“The resolution, having taken this view of the federal compact, proceeds to infer, “that, in case of a deliberate, palpable, and dangerous exercise of other powers, not granted by the said compact, the states, who are parties thereto, have the right and are in duty bound to interpose for arresting the progress of the evil, and for maintaining within their respective limits, the authorities, rights, and liberties appertaining to them.”

“It appears to your committee to be a plain principle, founded in common sense, illustrated by common practice, and essential to the nature of compacts, that, where resort can be had to no tribunal, superior to the authority of the parties, the parties themselves must be the rightful judges in the last resort, whether the bargain made has been pursued or violated. The Constitution of the United States was formed by the sanction of the states, given by each in its sovereign capacity. It adds to the stability and dignity, as well as to the authority of the Constitution, that it rests on this legitimate and solid foundation. The states, then, being the parties to the constitutional compact, and in their sovereign capacity, it follows of necessity, that there can be no tribunal above their authority, to decide in the last resort, whether the compact made by them be violated; and, consequently, that, as the. parties to it, they must themselves decide, in the last resort, such questions as may be of sufficient magnitude to require their interposition.”

“In the existing Constitution, they make the following part of Sec. 8, “The Congress shall have power to lay and collect taxes, duties, imposts, and excises, to pay the debts, and to provide for the common defence and general welfare of the United States.”

“This similarity in the use of these phrases in the two great federal charters, might well be considered, as rendering their meaning less liable to be misconstrued in the latter; because it will scarcely be said, that in the former they were ever understood to be either a general grant of power, or to authorize the requisition or application of money by the old Congress to the common defence and general welfare, except in the cases afterwards enumerated, which explained and limited their meaning; and if such was the limited meaning attached to these phrases in the very instrument revised and remodelled by the present Constitution, it can never be supposed that when copied into this Constitution, a different meaning ought to be attached to them.”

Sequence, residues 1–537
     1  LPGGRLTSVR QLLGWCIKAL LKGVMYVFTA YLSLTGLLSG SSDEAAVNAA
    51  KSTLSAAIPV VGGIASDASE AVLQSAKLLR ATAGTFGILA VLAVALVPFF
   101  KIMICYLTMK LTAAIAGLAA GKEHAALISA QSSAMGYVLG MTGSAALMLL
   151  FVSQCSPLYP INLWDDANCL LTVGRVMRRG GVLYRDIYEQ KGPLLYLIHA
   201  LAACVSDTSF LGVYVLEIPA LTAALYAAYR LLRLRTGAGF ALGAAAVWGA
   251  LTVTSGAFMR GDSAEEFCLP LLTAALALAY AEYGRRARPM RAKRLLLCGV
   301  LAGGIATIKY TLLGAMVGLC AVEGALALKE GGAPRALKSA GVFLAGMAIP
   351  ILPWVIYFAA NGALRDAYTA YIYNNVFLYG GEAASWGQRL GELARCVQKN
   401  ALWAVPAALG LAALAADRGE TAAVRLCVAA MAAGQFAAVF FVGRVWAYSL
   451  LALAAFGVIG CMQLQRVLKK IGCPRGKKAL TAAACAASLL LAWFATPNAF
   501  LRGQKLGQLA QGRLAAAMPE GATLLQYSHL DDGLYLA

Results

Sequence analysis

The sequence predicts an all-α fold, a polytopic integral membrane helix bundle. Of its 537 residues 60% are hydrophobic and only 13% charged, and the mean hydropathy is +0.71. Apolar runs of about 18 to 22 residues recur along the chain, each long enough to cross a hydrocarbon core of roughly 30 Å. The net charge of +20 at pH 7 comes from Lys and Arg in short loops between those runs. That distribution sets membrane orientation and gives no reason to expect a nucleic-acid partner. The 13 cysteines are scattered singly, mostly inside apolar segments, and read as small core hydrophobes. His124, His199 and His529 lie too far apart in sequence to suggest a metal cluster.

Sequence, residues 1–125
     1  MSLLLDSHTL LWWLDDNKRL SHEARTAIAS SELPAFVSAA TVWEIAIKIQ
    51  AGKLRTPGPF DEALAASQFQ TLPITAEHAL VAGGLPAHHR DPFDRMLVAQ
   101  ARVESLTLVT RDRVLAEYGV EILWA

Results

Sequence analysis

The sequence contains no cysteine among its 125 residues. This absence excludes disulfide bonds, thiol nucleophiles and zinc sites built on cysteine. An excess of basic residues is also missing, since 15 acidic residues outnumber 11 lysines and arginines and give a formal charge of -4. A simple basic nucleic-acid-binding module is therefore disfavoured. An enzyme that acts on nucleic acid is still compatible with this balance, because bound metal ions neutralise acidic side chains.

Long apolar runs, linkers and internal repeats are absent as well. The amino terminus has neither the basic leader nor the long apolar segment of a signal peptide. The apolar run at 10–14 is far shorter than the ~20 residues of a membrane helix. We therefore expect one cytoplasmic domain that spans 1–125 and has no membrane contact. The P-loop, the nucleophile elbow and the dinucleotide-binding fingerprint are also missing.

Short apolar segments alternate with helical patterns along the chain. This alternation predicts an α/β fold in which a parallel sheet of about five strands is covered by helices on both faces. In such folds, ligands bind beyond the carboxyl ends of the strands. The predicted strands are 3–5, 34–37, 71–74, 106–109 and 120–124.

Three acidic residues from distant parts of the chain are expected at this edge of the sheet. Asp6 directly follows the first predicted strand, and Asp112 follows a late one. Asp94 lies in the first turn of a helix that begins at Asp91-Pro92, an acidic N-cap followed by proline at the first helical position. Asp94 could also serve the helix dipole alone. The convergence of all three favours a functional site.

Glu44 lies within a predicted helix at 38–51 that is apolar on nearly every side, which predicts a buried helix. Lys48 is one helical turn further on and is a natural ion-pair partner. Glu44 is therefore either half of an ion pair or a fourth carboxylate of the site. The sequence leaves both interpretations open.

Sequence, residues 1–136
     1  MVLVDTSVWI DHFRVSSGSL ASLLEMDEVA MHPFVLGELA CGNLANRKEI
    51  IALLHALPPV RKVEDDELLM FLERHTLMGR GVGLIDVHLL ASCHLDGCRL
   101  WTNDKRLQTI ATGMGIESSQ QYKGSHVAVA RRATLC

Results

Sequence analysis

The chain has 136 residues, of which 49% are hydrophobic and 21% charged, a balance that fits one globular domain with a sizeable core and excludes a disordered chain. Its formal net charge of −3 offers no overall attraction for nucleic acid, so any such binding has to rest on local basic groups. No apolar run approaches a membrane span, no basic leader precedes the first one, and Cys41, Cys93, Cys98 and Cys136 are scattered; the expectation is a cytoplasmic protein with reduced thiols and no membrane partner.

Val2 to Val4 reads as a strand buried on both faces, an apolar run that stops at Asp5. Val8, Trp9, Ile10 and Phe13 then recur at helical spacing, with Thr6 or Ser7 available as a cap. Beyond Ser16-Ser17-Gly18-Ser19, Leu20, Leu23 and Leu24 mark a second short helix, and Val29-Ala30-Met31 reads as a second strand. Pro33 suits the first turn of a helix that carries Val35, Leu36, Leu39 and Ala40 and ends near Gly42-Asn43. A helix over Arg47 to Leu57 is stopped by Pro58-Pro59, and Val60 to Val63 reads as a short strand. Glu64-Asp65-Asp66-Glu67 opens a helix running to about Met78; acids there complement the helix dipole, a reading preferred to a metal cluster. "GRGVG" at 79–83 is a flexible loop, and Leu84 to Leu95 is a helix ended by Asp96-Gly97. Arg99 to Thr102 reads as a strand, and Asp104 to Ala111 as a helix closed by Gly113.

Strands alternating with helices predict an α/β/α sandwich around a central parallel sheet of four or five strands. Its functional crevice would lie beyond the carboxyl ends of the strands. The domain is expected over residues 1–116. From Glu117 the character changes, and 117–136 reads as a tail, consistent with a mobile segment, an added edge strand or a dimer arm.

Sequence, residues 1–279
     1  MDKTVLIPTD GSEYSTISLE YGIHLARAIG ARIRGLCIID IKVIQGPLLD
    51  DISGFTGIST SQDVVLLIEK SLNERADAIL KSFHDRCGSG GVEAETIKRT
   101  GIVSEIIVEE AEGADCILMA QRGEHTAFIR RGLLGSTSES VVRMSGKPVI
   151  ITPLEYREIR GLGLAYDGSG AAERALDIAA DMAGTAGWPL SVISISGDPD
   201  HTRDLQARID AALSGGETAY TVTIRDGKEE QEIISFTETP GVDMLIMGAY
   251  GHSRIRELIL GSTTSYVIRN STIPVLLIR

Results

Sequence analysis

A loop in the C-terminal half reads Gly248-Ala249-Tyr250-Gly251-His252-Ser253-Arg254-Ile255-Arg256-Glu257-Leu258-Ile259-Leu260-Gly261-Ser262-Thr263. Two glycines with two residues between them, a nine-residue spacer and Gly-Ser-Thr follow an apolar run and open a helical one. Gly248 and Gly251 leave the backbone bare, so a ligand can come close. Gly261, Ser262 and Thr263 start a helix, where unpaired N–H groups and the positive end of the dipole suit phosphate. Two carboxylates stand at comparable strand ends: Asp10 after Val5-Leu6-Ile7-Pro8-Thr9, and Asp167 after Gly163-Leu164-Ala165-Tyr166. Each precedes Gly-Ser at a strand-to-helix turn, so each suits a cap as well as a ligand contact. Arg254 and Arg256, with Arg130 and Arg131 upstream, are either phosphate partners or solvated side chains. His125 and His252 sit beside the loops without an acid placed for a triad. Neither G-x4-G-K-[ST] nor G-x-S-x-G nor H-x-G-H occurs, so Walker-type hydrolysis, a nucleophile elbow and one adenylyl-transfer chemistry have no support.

“In the existing Constitution, they make the following part of Sec. 8, “The Congress shall have power to lay and collect taxes, duties, imposts, and excises, to pay the debts, and to provide for the common defence and general welfare of the United States.”

“This similarity in the use of these phrases in the two great federal charters, might well be considered, as rendering their meaning less liable to be misconstrued in the latter; because it will scarcely be said, that in the former they were ever understood to be either a general grant of power, or to authorize the requisition or application of money by the old Congress to the common defence and general welfare, except in the cases afterwards enumerated, which explained and limited their meaning; and if such was the limited meaning attached to these phrases in the very instrument revised and remodelled by the present Constitution, it can never be supposed that when copied into this Constitution, a different meaning ought to be attached to them.”

“The paragraph in Art. I. sect. 8, which contains the power to lay and collect taxes, duties, imposts, and excise; to pay the debts, and provide for the common defence and general welfare, having been already examined, will also require no particular attention in this place. It will have been seen that in its fair and consistent meaning, it cannot enlarge the enumerated powers vested in Congress.”

Lastly he concludes with this.

“The plain import of this clause is, that Congress shall have all the incidental or instrumental powers necessary and proper for carrying into execution all the express powers; whether they be vested in the government of the United States, more collectively, or in the several departments or officers thereof. It is not a grant of new powers to Congress, but merely a declaration, for the removal of all uncertainty, that the means of carrying into execution, those otherwise granted, are included in the grant.